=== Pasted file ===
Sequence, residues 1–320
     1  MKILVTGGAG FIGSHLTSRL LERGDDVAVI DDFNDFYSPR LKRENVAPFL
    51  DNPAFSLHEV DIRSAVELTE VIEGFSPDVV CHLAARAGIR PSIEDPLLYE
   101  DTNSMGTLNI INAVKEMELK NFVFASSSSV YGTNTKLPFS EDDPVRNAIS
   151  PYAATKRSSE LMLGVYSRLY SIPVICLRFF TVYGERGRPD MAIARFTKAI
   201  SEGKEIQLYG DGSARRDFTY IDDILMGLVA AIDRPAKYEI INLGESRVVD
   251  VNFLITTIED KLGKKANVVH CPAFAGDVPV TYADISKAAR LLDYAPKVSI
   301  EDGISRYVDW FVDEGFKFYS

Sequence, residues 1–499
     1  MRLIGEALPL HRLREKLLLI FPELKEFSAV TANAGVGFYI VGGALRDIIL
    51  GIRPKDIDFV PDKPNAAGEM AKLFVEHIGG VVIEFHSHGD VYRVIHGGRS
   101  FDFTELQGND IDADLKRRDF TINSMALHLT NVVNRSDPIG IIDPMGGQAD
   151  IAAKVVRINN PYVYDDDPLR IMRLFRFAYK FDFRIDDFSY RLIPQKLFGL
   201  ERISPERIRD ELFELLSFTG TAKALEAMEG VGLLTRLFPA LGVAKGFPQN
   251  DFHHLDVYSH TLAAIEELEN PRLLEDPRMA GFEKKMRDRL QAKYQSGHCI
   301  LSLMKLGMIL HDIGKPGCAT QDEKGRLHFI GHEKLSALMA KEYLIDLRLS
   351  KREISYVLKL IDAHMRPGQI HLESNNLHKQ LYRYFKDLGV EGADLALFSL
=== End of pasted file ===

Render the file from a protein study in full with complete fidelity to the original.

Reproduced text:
Sequence, residues 1–320
     1  MKILVTGGAG FIGSHLTSRL LERGDDVAVI DDFNDFYSPR LKRENVAPFL
    51  DNPAFSLHEV DIRSAVELTE VIEGFSPDVV CHLAARAGIR PSIEDPLLYE
   101  DTNSMGTLNI INAVKEMELK NFVFASSSSV YGTNTKLPFS EDDPVRNAIS
   151  PYAATKRSSE LMLGVYSRLY SIPVICLRFF TVYGERGRPD MAIARFTKAI
   201  SEGKEIQLYG DGSARRDFTY IDDILMGLVA AIDRPAKYEI INLGESRVVD
   251  VNFLITTIED KLGKKANVVH CPAFAGDVPV TYADISKAAR LLDYAPKVSI
   301  EDGISRYVDW FVDEGFKFYS

Sequence, residues 1–499
     1  MRLIGEALPL HRLREKLLLI FPELKEFSAV TANAGVGFYI VGGALRDIIL
    51  GIRPKDIDFV PDKPNAAGEM AKLFVEHIGG VVIEFHSHGD VYRVIHGGRS
   101  FDFTELQGND IDADLKRRDF TINSMALHLT NVVNRSDPIG IIDPMGGQAD
   151  IAAKVVRINN PYVYDDDPLR IMRLFRFAYK FDFRIDDFSY RLIPQKLFGL
   201  ERISPERIRD ELFELLSFTG TAKALEAMEG VGLLTRLFPA LGVAKGFPQN
   251  DFHHLDVYSH TLAAIEELEN PRLLEDPRMA GFEKKMRDRL QAKYQSGHCI
   301  LSLMKLGMIL HDIGKPGCAT QDEKGRLHFI GHEKLSALMA KEYLIDLRLS
   351  KREISYVLKL IDAHMRPGQI HLESNNLHKQ LYRYFKDLGV EGADLALFSL